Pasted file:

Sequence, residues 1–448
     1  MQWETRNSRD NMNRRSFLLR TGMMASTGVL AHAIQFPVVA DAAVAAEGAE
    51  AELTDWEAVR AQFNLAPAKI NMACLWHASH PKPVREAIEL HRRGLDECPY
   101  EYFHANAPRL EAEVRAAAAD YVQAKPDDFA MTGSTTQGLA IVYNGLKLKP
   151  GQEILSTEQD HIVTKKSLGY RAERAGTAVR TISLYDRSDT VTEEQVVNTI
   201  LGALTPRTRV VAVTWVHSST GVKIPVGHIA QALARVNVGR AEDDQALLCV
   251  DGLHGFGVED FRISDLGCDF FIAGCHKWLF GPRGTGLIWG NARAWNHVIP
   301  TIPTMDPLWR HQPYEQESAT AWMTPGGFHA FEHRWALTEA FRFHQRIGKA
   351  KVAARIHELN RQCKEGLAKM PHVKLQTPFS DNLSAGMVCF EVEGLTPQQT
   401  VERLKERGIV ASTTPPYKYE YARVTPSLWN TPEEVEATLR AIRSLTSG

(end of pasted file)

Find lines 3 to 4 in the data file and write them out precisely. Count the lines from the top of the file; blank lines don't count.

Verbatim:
    51  AELTDWEAVR AQFNLAPAKI NMACLWHASH PKPVREAIEL HRRGLDECPY
   101  EYFHANAPRL EAEVRAAAAD YVQAKPDDFA MTGSTTQGLA IVYNGLKLKP